Finally, they found 17 compounds that satisfied all their criteria, of which 16 can be obtained commercially and the last readily synthesized from another commercially available ester. They then ran MD simulations for these 14 promising compounds in complexed form, to understand which would form stable complexes and would therefore be better inhibitors. While they did not find clear correlations with the measured activity, they attribute this to the limitations of the technique and propose that the use of more advanced MD procedures might overcome this hurdle.

These were directly assayed for Mpro inhibition. They found that 14 of them showed inhibition of Mpro at concentrations (IC50) of 100 μM or less. Five of them (manidipine, boceprevir, efonidipine, lercanidipine, and bedaquiline) were effective at reducing inhibitory activity by 60% or more, at concentrations of 40 μM.

Among these, the most promising were manidipine and boceprevir with IC50 values of ~ 5μM. The first is a calcium channel blocker, while the latter is a hepatitis C virus protease inhibitor. The various subunits of boceprevir are predicted to be good fits in the P1, P1’, and P2 binding pockets while there are additional hydrogen bonds.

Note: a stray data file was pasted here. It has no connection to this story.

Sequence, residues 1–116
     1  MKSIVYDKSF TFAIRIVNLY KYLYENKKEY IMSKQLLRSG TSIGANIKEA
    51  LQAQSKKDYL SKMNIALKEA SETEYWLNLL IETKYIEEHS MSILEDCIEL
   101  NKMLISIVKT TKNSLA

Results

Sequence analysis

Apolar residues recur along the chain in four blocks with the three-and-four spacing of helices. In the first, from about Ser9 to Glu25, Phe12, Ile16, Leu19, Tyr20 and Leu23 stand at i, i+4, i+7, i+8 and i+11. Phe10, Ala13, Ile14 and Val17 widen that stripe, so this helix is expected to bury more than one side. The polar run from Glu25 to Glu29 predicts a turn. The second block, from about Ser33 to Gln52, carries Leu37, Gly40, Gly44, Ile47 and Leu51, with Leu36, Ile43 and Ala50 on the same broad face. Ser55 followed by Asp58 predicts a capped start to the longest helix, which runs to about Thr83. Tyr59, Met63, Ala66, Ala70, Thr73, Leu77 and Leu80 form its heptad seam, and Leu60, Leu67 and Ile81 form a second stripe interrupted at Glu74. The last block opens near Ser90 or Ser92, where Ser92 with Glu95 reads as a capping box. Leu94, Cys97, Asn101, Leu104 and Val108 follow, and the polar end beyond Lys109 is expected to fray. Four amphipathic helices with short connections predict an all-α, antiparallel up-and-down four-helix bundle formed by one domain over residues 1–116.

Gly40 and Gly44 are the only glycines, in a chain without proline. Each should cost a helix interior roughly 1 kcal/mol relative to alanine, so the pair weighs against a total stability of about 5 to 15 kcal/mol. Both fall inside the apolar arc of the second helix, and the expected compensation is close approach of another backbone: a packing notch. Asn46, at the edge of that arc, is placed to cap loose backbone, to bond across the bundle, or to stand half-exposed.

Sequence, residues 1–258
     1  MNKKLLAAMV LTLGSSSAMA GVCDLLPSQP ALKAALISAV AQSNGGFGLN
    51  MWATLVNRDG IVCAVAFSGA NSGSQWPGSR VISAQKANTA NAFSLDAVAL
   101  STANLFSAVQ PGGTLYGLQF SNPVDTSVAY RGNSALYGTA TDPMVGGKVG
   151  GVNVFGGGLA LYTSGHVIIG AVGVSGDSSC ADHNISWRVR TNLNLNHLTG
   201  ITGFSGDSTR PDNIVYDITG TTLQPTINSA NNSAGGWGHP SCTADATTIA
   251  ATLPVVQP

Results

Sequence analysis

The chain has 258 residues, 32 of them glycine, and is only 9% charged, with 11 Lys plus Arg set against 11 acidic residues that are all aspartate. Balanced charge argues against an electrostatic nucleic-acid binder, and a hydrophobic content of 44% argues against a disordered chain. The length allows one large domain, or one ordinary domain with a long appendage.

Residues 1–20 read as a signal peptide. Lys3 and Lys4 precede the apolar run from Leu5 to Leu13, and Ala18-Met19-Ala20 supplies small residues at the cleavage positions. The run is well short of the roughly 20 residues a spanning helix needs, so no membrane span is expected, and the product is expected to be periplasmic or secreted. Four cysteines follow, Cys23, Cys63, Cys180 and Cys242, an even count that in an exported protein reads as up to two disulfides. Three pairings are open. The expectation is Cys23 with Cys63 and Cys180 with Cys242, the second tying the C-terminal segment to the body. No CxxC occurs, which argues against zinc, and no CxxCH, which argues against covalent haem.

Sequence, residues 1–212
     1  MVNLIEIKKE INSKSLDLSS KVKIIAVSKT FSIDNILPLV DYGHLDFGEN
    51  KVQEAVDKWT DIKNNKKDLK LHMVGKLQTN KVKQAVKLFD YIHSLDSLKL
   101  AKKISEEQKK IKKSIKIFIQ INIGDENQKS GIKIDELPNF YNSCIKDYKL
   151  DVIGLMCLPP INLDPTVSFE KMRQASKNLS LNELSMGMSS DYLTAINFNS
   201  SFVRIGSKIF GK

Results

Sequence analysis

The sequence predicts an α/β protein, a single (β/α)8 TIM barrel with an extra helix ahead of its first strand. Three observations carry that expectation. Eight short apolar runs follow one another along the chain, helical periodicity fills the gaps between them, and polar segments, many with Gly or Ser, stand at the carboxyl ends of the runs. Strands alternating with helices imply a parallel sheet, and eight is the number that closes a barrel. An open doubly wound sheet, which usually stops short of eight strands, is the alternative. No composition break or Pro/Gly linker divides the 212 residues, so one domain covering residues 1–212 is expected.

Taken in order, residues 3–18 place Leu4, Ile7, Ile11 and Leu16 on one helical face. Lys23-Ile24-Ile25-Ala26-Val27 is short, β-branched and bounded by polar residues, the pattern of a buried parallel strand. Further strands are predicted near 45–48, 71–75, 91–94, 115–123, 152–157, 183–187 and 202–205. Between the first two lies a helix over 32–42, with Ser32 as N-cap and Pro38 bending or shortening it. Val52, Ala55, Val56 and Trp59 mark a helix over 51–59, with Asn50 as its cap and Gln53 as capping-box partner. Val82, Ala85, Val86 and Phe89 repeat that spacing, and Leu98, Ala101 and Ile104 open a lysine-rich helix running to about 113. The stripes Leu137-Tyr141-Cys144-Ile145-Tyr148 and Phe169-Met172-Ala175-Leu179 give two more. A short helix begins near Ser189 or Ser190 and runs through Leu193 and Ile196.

The study thus shows that this approach is very successful in generating lead compounds that have inhibitory activity against Mpro, and can provide basic compounds for optimization to provide possible antiviral chemotherapy to stop the pandemic.

*Important Notice

bioRxiv publishes preliminary scientific reports that are not peer-reviewed and, therefore, should not be regarded as conclusive, guide clinical practice/health-related behavior, or treated as established information.

Journal reference:
Dr. Liji Thomas

Written by

Dr. Liji Thomas

Dr. Liji Thomas is an OB-GYN, who graduated from the Government Medical College, University of Calicut, Kerala, in 2001. Liji practiced as a full-time consultant in obstetrics/gynecology in a private hospital for a few years following her graduation. She has counseled hundreds of patients facing issues from pregnancy-related problems and infertility, and has been in charge of over 2,000 deliveries, striving always to achieve a normal delivery rather than operative.